The island of Espiritu Santo has a rich WWII history. Thousands of U.S. troops were based here at the height of the battle for the Pacific, along with all the ships, infrastructure, industry and paraphernalia that goes with 100,000 soldiers.
Much of this they dumped at the end of the pier, a dive site now known as Million Dollar Point.
We dived here first, with Santo Island Dive among upturned tanks, jeeps, discarded weapons, and random large pieces of debris, now all covered in corals and algae.
It’s an incredible sight. Incredible to think that such a large quantity of equipment was simply dumped at the end of the war – too expensive to ship home. Then of course there’s the world-famous wreck of the SS Coolidge.
Our second dive was completely different. A beautiful coral garden named Cindy’s Reef. It sits off the point of Aore Island between five and 30 metres, equally beautiful at both ends of the scale so it’s a good one for a simultaneous dive and snorkel, with divers at 20 metres and kids a safe distance above.
The next day it’s the big one for us, the Coolidge, with local Coolidge legend, Allan Powers Dive Tours. It’s only 50 metres from shore, so it’s easily accessible as a shore dive, but at its shallowest point it’s 20 metres deep so it’s not suitable for snorkeling.
The first thing I notice about the Coolidge as it hoves into view is that, well, it’s MASSIVE. On this first dive we only manage to reach Cargo Hold 2, less than halfway along the ship.
On the way we pass a 3-inch gun with unused ammunition piled next to it, a few jeeps and a tank in the hold, a vertical row of washbasins and a barber chair amongst other random debris.
Most people stay for a week and dive each day for several consecutive days – getting deeper each time and seeing more of the ship. It’s everyone’s goal to kiss “The Lady”, a portrait sitting at 40m metres in the old ballroom.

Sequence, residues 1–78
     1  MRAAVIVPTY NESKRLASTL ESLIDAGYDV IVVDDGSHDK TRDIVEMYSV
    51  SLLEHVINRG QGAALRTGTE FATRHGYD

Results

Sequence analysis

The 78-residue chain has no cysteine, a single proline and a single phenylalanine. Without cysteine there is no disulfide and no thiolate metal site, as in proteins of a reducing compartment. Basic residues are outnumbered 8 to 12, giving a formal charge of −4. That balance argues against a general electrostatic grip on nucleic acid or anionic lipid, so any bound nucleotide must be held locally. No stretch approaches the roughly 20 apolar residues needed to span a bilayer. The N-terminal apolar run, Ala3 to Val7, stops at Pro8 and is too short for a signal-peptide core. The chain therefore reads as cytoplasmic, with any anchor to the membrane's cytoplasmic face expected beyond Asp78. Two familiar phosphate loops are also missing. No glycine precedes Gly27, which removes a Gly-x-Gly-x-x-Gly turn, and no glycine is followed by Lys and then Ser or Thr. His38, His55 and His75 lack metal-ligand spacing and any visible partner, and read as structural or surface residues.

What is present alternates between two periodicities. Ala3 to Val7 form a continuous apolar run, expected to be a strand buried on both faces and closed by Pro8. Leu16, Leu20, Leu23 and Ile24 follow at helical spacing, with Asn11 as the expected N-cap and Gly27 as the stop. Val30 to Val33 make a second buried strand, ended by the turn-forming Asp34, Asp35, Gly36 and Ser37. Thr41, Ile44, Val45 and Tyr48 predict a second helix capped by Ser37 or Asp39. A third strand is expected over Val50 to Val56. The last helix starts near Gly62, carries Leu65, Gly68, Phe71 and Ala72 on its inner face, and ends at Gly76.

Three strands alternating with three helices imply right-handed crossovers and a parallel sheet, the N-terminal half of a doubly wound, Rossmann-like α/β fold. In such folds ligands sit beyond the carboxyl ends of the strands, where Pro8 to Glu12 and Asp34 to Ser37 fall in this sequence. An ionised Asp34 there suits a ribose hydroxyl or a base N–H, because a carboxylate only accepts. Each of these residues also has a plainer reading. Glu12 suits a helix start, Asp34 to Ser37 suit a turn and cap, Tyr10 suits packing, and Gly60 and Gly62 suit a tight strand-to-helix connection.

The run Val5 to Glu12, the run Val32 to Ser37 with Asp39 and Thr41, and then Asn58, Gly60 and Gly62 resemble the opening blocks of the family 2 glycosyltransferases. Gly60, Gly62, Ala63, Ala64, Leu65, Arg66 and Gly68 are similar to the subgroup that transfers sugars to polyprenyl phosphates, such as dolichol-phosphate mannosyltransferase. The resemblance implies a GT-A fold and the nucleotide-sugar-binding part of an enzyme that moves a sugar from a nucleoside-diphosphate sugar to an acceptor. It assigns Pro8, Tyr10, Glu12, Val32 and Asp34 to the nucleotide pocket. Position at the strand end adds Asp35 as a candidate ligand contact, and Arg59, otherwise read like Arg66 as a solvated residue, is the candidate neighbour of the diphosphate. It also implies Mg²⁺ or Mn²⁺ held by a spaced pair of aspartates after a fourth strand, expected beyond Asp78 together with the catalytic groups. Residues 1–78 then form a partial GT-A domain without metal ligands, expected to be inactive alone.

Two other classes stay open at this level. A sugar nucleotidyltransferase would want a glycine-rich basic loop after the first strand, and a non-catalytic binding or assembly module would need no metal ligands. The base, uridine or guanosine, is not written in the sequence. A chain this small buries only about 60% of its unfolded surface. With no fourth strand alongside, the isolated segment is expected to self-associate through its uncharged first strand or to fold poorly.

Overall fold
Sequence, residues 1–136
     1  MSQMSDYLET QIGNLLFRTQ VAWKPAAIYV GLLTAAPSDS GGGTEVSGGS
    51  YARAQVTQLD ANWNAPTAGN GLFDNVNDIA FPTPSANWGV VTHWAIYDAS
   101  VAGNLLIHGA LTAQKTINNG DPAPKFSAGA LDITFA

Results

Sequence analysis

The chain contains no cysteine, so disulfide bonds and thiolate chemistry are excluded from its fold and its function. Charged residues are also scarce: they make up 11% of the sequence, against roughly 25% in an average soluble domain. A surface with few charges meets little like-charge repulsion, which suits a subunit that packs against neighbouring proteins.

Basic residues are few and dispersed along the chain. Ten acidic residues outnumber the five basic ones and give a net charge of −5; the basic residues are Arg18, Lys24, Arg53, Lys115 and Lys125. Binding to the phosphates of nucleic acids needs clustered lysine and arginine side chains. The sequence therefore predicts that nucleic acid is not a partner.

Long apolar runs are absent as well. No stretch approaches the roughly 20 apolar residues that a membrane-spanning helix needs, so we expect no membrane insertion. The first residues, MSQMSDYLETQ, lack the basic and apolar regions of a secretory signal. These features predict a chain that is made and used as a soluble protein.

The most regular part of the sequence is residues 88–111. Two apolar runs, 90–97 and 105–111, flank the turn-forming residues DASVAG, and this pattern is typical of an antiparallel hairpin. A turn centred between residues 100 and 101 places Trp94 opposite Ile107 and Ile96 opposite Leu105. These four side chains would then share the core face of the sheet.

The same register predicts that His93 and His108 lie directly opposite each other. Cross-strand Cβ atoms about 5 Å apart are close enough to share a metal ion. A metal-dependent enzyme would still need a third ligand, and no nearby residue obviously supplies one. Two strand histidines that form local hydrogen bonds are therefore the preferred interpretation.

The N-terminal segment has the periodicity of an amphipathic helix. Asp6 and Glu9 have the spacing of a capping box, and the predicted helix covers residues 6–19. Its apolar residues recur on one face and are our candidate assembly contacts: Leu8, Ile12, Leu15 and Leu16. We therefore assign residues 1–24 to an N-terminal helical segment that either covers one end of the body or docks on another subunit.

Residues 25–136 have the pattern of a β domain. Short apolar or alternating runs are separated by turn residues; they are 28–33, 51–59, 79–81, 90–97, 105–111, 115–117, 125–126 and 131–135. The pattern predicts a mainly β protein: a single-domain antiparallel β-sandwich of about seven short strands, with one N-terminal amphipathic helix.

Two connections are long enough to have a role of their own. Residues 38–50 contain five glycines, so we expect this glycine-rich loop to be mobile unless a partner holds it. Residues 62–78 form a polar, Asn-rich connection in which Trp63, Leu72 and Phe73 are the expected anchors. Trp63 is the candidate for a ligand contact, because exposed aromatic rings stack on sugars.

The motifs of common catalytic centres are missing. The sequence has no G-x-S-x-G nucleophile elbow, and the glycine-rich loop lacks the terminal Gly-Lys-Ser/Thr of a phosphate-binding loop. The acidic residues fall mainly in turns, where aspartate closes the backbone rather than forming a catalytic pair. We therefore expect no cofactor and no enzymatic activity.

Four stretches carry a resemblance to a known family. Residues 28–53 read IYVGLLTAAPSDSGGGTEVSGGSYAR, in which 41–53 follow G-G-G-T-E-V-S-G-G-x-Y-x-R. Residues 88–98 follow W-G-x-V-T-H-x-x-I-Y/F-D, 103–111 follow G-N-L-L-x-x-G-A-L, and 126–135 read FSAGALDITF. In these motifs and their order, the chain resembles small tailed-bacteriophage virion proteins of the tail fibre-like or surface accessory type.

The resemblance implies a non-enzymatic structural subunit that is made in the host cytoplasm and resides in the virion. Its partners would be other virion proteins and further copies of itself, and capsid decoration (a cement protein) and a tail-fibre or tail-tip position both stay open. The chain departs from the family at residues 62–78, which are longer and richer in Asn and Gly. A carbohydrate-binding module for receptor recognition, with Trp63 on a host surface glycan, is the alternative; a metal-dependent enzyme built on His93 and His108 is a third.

Sadly I didn’t get to meet the Lady – but if you do, apparently the tradition is that you don’t kiss her – you kiss her horse’s bottom.
Santo of course has other, more kid-friendly, treasures worth exploring, that don’t lie beneath 20 metres of water.
Heading north through coconut plantations, our first stop is the Riri River for a peaceful paddle up stream through slightly turquoise water in a dugout canoe, shaded by the surrounding rainforest.
Further upstream, there’s a small jetty, picnic tables and – to every kids’ delight surely – a rope swing. We could be here a while.
A little further up the road we find an even richer shade of blue at the Blue Hole. And another rope swing.
Further up the coast there are a several picture-postcard beaches worth a visit. The first, Champagne Beach, is a popular day trip for visiting cruise ship passengers (so avoid those days) and further along is an even more beautiful stretch of coastline at Port Olry.
Clear shallow water laps a white sandy beach and there’s a little restaurant serving lobster for lunch, which you can take your time over while taking intermittent dips in the sea.
Where to Stay:
Beachfront Resort – as the name suggests, on the beach, with pretty little thatched bungalows and a lovely restaurant in which to sit and gaze at it. Tel: (678) 36881
Aore Island Resort – a short ferry ride across from Luganville, this quiet retreat is extremely picturesque and as an added bonus has a gorgeous little day spa where I treated myself to a relaxing facial on my last day here. Tel: (678) 36705